The Impact of Tiara Condominiums: Independent Tort Claims and Jury Trial Waivers Make Their Way to Florida Banking Law
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The newest development concerning independent tort claims and causes of action arising from a breach of contract manifests as a result of Tiara Condo. Ass’n., Inc. v. Marsh & McLennan Co. and is exemplified through the holding of Marian Farms, Inc. v. SunTrust Banks, Inc. Marian Farms, Inc. v. SunTrust Banks, Inc., No. 5D12-886, 2014 Fla. App. LEXIS 57, at *2 (Fla. 5th DCA Jan. 3, 2014); Tiara Condo. Ass’n., Inc., v. Marsh & McLennan Co., 110 So.3d 399, 407 (Fla. 2013). The decision of Marian Farms represents the newly established precedent from Tiara Condo. Ass’n. regarding the implementation of Florida’s economic loss rule and imports its holding to Florida banking law. The decision of Tiara Condo. Ass’n. limits the application of the economic loss rule by finding that the rule now only applies in the products liability context. Id. at 407. This deviation from precedent, which occurred after the order dismissing the plaintiff’s complaint in Marian Farms, consequently changed the outcome in Marian Farms such that the order was reversed and the case remanded. No. 5D12-886, 2014 Fla. App. LEXIS 57, at *3. The net result is that independent torts separate and apart from the depositor agreement will survive dismissal and present issues for a jury to decide.
In Marian Farms, a bank customer brought action against SunTrust Bank arising out of a dishonest employee’s fraudulent conduct. Id. at *1. The trial court found, as a matter of law, that the plaintiff failed to allege the basis for any theory of liability or independent duty owed to the plaintiff by SunTrust distinct from its depositor relationship and otherwise governed by the deposit agreement. Id. SunTrust sought dismissal of the complaint based on Florida’s economic loss rule. Id. On appeal, the court found that Marian Farms was not attempting to recast a breach of its contractual relationship with SunTrust based on the depository agreement (by asserting claims that SunTrust negligently performed its contractual duty), but rather that Marian Farms was alleging independent torts and causes of action separately from SunTrust’s wrongful disbursement of funds on deposit. Id. at *1-2.
Marian Farms alleged three independent causes of action: negligence on the part of SunTrust in accepting forged loan documents and personal guarantees without verifying their authenticity; negligence via a separate transaction, wherein SunTrust accepted obviously forged loan documents without attempting to verify authorization for a loan secured by Marian Farms’ equipment; and negligence on behalf of SunTrust by accepting a forged corporate resolution authorizing the dishonest employee of Marian Farms to make withdrawals from the corporate account, including a representation that authorization had been verified, when in fact, it had not. Id. at *2. The Fifth District Court of Appeal found that under the newly established principles of Tiara Condo. Ass’n. the causes of action were in fact basis for theory of liability, distinct from the action arising through privity of contract. Id.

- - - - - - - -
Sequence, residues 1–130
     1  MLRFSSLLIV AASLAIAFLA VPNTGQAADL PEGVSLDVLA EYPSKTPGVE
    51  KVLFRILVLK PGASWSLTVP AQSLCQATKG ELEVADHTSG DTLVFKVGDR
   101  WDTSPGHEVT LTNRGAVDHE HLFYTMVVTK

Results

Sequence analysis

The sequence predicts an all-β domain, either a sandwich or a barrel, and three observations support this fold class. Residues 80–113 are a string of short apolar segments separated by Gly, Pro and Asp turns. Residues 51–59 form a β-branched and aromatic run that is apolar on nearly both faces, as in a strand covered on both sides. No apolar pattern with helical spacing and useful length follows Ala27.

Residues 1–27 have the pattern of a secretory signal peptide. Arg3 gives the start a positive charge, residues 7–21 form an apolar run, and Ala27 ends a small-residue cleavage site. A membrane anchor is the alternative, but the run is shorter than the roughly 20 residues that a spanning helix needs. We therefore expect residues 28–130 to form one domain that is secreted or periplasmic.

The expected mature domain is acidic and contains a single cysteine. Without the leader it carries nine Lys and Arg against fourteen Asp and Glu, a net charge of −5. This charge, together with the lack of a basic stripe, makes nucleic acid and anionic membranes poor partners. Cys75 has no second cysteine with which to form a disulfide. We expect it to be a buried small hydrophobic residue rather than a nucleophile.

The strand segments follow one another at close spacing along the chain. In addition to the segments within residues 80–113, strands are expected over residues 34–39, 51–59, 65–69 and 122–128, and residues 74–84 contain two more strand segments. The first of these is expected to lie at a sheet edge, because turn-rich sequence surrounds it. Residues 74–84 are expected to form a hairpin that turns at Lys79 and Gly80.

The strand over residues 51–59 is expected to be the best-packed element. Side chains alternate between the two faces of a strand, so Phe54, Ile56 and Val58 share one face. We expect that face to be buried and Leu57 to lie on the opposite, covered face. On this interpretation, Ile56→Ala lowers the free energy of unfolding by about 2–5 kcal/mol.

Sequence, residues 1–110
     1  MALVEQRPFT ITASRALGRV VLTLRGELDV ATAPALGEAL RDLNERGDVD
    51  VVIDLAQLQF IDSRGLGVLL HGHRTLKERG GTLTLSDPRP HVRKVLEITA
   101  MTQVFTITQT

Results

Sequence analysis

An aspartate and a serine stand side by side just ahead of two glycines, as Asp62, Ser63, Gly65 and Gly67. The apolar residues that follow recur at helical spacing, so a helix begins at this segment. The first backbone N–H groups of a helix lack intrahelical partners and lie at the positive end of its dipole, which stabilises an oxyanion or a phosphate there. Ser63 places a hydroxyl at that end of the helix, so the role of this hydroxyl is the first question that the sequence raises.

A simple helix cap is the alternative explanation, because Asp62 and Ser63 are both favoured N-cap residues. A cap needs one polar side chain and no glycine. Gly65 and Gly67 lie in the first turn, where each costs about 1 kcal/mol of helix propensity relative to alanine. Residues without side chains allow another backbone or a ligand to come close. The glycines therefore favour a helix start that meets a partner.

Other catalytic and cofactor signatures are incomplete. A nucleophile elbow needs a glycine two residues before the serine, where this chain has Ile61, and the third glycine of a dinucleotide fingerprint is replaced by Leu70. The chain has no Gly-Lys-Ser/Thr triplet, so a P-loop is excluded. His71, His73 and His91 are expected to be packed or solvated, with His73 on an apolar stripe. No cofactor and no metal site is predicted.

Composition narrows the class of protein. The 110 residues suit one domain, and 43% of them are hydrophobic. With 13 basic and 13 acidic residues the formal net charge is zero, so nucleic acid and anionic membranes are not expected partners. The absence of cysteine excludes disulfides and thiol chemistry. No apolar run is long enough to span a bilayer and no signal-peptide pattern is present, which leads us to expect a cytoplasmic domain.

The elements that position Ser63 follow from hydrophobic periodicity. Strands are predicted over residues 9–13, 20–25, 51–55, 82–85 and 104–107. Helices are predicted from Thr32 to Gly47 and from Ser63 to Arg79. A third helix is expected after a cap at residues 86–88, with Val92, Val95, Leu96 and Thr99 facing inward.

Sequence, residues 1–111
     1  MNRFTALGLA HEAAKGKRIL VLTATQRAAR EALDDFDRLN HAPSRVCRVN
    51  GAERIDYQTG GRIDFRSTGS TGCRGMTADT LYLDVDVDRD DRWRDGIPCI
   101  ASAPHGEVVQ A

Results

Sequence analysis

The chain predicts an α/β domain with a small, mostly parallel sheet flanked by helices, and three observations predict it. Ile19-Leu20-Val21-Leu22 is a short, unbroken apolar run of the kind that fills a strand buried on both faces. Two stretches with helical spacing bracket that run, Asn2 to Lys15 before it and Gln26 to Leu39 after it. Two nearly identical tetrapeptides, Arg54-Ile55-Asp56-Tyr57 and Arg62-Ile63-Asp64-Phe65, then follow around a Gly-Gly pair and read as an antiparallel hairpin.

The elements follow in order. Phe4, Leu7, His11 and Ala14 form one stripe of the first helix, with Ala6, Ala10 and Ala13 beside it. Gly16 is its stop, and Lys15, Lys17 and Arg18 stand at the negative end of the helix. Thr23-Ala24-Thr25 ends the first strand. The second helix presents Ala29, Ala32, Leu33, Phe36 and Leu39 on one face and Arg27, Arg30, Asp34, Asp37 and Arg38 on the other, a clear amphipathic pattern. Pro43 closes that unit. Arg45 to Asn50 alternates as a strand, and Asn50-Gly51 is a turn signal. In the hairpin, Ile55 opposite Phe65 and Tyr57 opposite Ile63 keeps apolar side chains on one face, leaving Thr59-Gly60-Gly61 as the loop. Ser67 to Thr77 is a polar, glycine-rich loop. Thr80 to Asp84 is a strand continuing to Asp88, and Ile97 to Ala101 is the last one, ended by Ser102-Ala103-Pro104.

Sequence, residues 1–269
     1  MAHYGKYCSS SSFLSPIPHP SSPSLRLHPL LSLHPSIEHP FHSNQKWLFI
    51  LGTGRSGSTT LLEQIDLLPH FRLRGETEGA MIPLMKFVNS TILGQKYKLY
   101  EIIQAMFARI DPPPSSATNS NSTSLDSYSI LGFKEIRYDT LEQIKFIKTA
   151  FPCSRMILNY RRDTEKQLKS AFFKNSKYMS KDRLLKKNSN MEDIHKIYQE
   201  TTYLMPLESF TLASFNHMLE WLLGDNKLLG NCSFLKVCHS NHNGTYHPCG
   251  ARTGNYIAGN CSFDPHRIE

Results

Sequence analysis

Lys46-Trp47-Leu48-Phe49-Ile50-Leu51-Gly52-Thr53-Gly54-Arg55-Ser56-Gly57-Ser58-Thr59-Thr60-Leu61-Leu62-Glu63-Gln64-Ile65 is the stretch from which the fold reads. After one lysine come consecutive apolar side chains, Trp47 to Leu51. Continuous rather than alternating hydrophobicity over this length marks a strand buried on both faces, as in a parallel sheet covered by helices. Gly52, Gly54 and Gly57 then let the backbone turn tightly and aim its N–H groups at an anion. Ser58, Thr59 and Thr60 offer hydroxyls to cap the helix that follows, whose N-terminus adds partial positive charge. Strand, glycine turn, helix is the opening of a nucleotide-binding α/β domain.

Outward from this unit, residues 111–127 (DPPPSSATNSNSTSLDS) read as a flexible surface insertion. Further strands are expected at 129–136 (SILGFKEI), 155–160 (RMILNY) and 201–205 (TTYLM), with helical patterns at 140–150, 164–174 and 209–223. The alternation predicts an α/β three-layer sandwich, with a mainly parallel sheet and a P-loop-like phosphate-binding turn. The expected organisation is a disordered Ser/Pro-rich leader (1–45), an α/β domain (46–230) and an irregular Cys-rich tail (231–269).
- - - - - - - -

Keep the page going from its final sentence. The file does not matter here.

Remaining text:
SunTrust was unable to dismiss the complaint based on Florida’s economic loss rule in light of the decision of Tiara Condo. Ass’n. Id. In Tiara Condo. Ass’n. the Supreme Court of Florida found that the economic loss rule “should not be invoked to bar well-established causes of actions in tort, such as professional malpractice.” 110 So.3d 399 at 406-07 (citing Moransais v. Heathman, 744 So.2d 973, 981 (Fla. 2004). The Court acknowledged that while this was a deviation from previous precedent, it was necessary, as the economic loss rule’s unprincipled expansion was unwise and unworkable in practice. Id. at 407. Thus, the holding signaled a return to what the Court deemed as the original purpose of the economic loss rule: limiting actions in the products liability context. Id. Consequently, the economic loss rule now only applies in the products liability context. Id.
The decision of Tiara Condo. Ass’n., which was released during the proceedings of Marian Farms, Inc., impacted the outcome of Marian Farms, Inc. such that the order dismissing the plaintiff’s complaint was reversed and the order waiving jury trial was reversed. No. 5D12-886, 2014 Fla. App. LEXIS 57, at *3. The court found that even though Marian Farm’s losses arising out of various claims of negligence or other causes of action may have been the same damages resulting from the breach of contract, the claims were still valid and did not control their entitlement to jury trial. Id. Not only was the economic loss rule insufficient to bar Marian Farms’ claims, the jury trial waiver stated in SunTrust’s “Rules and Regulations for Deposit Accounts,” was also found to be inapplicable to independent torts or other causes of action asserted by Marian Farms, as the wrongful act alleged was an act or omission separate from the breach of depository agreement. Id.
The outcomes of these two cases exhibit the newly established precedent regarding the use of the economic loss rule and its application, as the rule will now only be applicable within the context of products liability cases. The true impact on the banking world is yet to be determined, but if the facts of litigated cases parallel the Marian Farms holding, we are likely to see more claims arising from depositor relationships thrown against the wall in hopes that they stick.